Rednour was laid down as the Rudderow-class destroyer escort USS Rednour (DE-592) on 30 December 1943 by Bethlehem-Hingham Shipyard, Inc., at Hingham, Massachusetts, and was launched on 12 February 1944, sponsored by Mrs. Forrest O. Rednour, the widow of the ship's namesake, Ship's Cook Second Class Forrest O. Rednour, USCG. The ship was reclassified as a Crosley-class high-speed transport and redesignated APD-102 on 17 July 1944. After conversion to her new role, she was commissioned on 30 December 1944 with Lieutenant Commander Roland H. Cramer in command.

Service history[edit]

World War II[edit]

After shakedown in Bermudan waters, Rednour arrived in Norfolk, Virginia, on 7 February 1945. She then underwent amphibious training in the Chesapeake Bay and coastal training operations, after which she departed Melville, Rhode Island, on 24 February 1945, bound for World War II service in the Pacific.

Arriving at San Diego, California, on 11 March 1945, rednour engaged in a week of coastal training exercises before standing in to Pearl Harbor, Territory of Hawaii, on 25 March 1945. There she assisted in the training of underwater demolition teams through 8 April 1945, when she steamed as an escort for several cargo ships en route Ulithi Atoll via the Marshall Islands.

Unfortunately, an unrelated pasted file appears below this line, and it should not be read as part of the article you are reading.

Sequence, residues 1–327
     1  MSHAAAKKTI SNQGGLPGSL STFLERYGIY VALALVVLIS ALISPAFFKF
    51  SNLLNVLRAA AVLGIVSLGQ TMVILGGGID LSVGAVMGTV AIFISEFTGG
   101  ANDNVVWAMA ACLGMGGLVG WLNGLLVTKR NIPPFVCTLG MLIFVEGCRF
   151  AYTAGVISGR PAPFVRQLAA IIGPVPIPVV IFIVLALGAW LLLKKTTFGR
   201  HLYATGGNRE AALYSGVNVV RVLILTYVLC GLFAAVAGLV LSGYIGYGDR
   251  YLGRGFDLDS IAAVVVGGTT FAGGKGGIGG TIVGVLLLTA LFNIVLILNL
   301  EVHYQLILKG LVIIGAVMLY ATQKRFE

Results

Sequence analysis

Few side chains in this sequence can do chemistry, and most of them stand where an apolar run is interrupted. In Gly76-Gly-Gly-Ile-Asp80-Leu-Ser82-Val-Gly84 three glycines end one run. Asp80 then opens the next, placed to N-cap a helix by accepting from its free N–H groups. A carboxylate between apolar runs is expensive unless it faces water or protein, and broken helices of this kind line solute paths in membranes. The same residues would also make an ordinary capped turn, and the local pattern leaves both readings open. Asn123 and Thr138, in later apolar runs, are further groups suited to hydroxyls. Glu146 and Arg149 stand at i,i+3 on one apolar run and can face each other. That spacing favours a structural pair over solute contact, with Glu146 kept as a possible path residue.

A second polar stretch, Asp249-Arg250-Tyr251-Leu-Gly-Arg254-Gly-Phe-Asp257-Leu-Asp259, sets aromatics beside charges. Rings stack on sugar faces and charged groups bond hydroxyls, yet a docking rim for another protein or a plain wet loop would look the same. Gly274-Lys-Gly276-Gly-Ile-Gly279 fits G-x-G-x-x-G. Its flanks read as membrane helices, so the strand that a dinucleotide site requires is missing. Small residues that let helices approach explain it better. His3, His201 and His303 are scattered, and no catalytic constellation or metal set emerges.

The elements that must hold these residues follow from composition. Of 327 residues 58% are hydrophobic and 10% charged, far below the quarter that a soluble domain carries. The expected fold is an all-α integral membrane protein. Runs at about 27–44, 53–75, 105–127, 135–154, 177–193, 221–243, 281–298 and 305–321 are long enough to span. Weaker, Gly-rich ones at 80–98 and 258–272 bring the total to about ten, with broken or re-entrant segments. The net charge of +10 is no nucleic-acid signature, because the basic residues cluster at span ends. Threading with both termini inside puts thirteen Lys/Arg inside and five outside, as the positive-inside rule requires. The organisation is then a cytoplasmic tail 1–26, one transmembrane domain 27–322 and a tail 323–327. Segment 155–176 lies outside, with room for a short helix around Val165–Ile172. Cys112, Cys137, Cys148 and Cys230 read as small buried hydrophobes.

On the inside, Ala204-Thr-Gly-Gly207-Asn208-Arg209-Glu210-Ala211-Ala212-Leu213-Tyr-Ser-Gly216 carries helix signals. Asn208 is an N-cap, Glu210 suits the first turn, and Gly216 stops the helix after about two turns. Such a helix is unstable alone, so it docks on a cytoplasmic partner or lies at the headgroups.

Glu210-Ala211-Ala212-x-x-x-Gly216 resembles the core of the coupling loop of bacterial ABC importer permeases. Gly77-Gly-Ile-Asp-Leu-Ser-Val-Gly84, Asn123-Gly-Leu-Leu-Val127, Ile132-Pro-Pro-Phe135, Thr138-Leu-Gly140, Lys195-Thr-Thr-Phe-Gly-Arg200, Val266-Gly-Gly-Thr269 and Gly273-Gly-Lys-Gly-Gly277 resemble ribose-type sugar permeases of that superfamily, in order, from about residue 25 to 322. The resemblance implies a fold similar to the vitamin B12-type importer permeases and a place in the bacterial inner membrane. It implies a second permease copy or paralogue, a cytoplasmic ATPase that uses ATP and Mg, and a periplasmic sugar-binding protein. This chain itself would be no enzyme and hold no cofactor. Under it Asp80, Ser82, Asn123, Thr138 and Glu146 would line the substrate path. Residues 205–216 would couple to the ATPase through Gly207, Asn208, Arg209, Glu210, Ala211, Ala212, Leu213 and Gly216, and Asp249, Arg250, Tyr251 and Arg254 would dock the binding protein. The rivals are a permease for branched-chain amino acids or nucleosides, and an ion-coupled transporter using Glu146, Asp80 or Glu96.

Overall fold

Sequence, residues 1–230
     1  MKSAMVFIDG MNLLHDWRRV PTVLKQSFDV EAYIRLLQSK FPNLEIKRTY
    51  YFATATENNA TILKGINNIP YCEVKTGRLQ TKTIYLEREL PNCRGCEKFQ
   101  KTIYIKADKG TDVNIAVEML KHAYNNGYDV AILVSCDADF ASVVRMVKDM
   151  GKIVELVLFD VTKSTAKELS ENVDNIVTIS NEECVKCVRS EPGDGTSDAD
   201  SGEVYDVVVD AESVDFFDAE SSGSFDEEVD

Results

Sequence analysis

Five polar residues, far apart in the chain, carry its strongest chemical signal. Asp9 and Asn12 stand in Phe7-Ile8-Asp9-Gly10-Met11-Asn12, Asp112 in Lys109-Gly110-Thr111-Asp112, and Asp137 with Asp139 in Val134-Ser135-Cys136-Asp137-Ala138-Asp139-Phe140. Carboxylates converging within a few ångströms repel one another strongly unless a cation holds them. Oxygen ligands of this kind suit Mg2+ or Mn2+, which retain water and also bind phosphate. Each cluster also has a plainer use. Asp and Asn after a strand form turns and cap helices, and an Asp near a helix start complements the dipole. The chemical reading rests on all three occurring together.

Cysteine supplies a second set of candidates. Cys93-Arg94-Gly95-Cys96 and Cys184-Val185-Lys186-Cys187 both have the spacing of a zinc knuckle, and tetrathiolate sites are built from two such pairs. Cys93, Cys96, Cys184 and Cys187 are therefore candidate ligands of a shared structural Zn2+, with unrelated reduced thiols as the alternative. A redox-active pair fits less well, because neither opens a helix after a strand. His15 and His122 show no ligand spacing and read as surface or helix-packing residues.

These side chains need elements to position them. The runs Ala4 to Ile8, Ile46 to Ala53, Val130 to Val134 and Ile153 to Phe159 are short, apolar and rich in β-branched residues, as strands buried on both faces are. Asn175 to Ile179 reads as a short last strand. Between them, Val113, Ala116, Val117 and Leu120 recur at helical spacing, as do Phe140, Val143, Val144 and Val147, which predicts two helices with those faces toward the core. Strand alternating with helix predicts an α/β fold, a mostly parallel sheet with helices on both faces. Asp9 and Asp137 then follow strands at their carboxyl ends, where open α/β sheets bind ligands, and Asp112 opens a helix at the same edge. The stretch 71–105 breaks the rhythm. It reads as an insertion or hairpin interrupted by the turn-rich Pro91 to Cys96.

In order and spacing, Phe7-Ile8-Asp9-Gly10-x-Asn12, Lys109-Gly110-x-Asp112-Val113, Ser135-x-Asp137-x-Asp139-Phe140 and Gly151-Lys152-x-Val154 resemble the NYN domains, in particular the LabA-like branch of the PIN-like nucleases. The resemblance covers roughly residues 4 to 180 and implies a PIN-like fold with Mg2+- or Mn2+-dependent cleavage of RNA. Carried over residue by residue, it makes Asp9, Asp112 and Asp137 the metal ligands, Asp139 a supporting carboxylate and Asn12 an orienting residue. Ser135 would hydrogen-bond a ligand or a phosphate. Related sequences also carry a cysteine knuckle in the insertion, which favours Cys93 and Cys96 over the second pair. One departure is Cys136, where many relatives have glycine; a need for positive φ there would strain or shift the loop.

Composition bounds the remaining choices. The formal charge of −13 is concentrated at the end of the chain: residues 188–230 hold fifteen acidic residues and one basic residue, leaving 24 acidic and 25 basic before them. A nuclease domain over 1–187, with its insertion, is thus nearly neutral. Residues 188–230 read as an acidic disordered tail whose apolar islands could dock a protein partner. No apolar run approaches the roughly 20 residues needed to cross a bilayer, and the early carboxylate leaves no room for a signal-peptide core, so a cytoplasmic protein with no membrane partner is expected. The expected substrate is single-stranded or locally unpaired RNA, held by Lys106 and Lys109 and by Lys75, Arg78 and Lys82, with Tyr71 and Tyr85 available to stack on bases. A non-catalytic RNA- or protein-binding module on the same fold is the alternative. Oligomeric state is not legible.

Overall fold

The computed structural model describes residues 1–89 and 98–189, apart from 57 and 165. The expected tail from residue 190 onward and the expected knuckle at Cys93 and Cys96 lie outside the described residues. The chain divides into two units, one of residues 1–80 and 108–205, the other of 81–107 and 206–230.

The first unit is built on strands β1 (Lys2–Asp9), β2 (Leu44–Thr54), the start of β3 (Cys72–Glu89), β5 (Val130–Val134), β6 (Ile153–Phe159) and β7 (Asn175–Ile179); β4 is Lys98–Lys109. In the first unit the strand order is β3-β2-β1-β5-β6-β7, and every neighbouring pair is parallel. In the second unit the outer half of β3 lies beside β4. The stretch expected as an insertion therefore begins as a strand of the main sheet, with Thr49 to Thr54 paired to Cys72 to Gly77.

Rednour departed Ulithi Atoll on 23 April 1945, overtaking a convoy which arrived off the Hagushi beaches of Okinawa on 26 April 1945. She supported the Okinawa campaign, patrolling off Kerama Retto through the following month and assisted in the screening of inward- and outward-bound convoys. She also assisted in repelling almost constant air raids.